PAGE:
doi:10.1016/S0140-6736(08)61343-4
PMCID: PMC2803340  PMID: 18834626
genome-wide association; uric acid; gout; epidemiology
4.  Association analysis of the SLC22A11 (organic anion transporter 4) and SLC22A12 (urate transporter 1) urate transporter locus with gout in New Zealand case-control sample sets reveals multiple ancestral-specific effects 
Arthritis Research & Therapy  2013;15(6):R220.
Introduction
There is inconsistent association between urate transporters SLC22A11 (organic anion transporter 4 (OAT4)) and SLC22A12 (urate transporter 1 (URAT1)) and risk of gout. New Zealand (NZ) Māori and Pacific Island people have higher serum urate and more severe gout than European people. The aim of this study was to test genetic variation across the SLC22A11/SLC22A12 locus for association with risk of gout in NZ sample sets.
Methods
A total of 12 single nucleotide polymorphism (SNP) variants in four haplotype blocks were genotyped using TaqMan® and Sequenom MassArray in 1003 gout cases and 1156 controls. All cases had gout according to the 1977 American Rheumatism Association criteria. Association analysis of single markers and haplotypes was performed using PLINK and Stata.
Results
A haplotype block 1 SNP (rs17299124) (upstream of SLC22A11) was associated with gout in less admixed Polynesian sample sets, but not European Caucasian (odds ratio; OR = 3.38, P = 6.1 × 10-4; OR = 0.91, P = 0.40, respectively) sample sets. A protective block 1 haplotype caused the rs17299124 association (OR = 0.28, P = 6.0 × 10-4). Within haplotype block 2 (SLC22A11) we could not replicate previous reports of association of rs2078267 with gout in European Caucasian (OR = 0.98, P = 0.82) sample sets, however this SNP was associated with gout in Polynesian (OR = 1.51, P = 0.022) sample sets. Within haplotype block 3 (including SLC22A12) analysis of haplotypes revealed a haplotype with trans-ancestral protective effects (OR = 0.80, P = 0.004), and a second haplotype conferring protection in less admixed Polynesian sample sets (OR = 0.63, P = 0.028) but risk in European Caucasian samples (OR = 1.33, P = 0.039).
Conclusions
Our analysis provides evidence for multiple ancestral-specific effects across the SLC22A11/SLC22A12 locus that presumably influence the activity of OAT4 and URAT1 and risk of gout. Further fine mapping of the association signal is needed using trans-ancestral re-sequence data.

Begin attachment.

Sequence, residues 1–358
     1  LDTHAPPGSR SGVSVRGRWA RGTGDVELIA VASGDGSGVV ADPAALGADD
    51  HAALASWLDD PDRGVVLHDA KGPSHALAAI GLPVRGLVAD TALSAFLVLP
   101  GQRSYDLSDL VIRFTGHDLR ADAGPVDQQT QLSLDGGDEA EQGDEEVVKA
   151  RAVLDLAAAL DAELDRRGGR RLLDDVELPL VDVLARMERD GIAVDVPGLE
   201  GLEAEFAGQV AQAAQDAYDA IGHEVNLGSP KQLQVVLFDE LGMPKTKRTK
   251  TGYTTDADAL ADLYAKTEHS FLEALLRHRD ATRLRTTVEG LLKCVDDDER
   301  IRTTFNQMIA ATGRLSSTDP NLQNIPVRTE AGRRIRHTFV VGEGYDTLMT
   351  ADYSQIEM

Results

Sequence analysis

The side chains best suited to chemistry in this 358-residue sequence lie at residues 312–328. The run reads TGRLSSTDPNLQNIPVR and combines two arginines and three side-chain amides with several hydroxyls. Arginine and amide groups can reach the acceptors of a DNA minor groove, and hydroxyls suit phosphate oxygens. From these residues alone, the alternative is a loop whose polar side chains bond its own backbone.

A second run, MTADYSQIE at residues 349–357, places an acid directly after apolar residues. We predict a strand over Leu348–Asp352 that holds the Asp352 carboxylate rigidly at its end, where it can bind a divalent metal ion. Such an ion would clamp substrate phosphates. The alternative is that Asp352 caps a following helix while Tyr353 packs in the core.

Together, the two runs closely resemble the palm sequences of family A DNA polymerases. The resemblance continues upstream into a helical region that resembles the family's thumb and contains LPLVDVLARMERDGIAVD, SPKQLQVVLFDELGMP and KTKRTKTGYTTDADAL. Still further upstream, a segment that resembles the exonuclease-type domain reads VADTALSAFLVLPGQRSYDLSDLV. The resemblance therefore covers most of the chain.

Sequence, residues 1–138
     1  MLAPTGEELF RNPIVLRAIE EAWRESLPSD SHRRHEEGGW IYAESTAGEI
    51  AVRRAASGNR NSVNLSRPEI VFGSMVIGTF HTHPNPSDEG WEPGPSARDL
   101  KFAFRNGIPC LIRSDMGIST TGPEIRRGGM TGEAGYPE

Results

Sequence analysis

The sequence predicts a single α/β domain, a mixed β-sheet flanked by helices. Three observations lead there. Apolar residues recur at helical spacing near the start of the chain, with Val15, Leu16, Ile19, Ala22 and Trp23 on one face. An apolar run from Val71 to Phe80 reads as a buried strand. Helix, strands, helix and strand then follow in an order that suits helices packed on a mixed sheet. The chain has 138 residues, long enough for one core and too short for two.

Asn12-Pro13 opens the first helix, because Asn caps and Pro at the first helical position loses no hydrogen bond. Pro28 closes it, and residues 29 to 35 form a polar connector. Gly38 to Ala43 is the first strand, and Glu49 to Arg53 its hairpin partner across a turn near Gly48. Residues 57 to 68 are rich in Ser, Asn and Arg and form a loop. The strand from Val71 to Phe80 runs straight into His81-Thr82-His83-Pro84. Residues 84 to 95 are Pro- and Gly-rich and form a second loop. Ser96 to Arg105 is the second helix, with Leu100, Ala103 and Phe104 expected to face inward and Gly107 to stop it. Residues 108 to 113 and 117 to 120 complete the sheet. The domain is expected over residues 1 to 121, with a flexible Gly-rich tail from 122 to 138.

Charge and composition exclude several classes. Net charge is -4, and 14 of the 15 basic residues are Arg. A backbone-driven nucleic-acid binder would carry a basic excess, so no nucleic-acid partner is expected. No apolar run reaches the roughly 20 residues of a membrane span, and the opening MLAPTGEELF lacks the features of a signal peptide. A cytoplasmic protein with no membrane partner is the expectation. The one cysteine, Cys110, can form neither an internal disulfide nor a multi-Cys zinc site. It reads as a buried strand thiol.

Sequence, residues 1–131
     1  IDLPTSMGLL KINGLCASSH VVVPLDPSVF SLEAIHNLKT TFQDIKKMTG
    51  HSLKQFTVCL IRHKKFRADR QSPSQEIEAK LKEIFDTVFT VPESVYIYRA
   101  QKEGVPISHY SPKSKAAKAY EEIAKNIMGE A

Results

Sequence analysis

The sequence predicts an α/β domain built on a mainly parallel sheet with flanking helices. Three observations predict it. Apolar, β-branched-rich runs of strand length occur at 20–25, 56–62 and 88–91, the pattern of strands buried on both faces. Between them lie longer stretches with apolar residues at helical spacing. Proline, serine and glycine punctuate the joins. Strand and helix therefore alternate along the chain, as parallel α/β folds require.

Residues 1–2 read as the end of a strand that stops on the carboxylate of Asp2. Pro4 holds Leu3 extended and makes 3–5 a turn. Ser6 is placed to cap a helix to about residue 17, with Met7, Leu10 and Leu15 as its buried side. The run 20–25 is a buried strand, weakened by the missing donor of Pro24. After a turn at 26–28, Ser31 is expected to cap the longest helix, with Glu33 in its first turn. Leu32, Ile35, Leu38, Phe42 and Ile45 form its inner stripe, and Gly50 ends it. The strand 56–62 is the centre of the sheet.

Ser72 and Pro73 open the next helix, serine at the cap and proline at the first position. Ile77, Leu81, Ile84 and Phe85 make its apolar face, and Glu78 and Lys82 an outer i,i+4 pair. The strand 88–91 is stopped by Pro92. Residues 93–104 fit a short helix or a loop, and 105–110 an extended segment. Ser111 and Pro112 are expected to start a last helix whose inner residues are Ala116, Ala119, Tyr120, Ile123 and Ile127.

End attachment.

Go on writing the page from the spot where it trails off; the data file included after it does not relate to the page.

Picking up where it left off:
doi:10.1186/ar4417
PMCID: PMC3978909  PMID: 24360580
5.  Polymorphisms in the Presumptive Promoter Region of the SLC2A9 Gene Are Associated with Gout in a Chinese Male Population 
PLoS ONE  2012;7(2):e24561.
Background
Glucose transporter 9 (GLUT9) is a high-capacity/low-affinity urate transporter. To date, several recent genome-wide association studies (GWAS) and follow-up studies have identified genetic variants of SLC2A9 associated with urate concentrations and susceptibility to gout. We therefore investigated associations between gout and polymorphisms and haplotypes in the presumptive promoter region of GLUT9 in Chinese males.
Methodology/Principal Findings
The approximately 2000 bp presumptive promoter region upstream of the start site of exon 1 of GLUT9 was sequenced and subjected to genetic analysis. A genotype-phenotype correlation was performed and polymorphisms-induced changes in transcription factor binding sites were predicted. Of 21 SNPs identified in GLUT9, five had not been previously reported. Two of the SNPs (rs13124007 and rs6850166) were associated with susceptibility to gout (p = 0.009 and p = 0.042, respectively). The C allele of rs13124007 appeared to be the risk allele for predisposition to gout (p = 0.006, OR 1.709 [95% CI 1.162–2.514]). For rs6850166, an increased risk of gout was associated with the A allele (p = 0.029, OR 1.645 [95% CI 1.050–2.577]). After Bonferroni correction, there was statistically difference in rs13124007 allele frequencies between gout cases and controls (P = 0.042). Haplotype analyses showed that haplotype GG was a protective haplotype (p = 0.0053) and haplotype CA was associated with increased risk of gout (p = 0.0326). Genotype-phenotype analysis among gout patients revealed an association of rs13124007 with serum triglycerides levels (P = 0.001). The C to G substitution in polymorphism rs13124007 resulted in a loss of a binding site for transcription factor interferon regulatory factor 1 (IRF-1).
Conclusions/Significance
Polymorphisms rs13124007 and rs6850166 are associated with susceptibility to gout in Chinese males.
doi:10.1371/journal.pone.0024561
PMCID: PMC3290627  PMID: 22393348
6.  Genome-wide association analyses identify 18 new loci associated with serum urate concentrations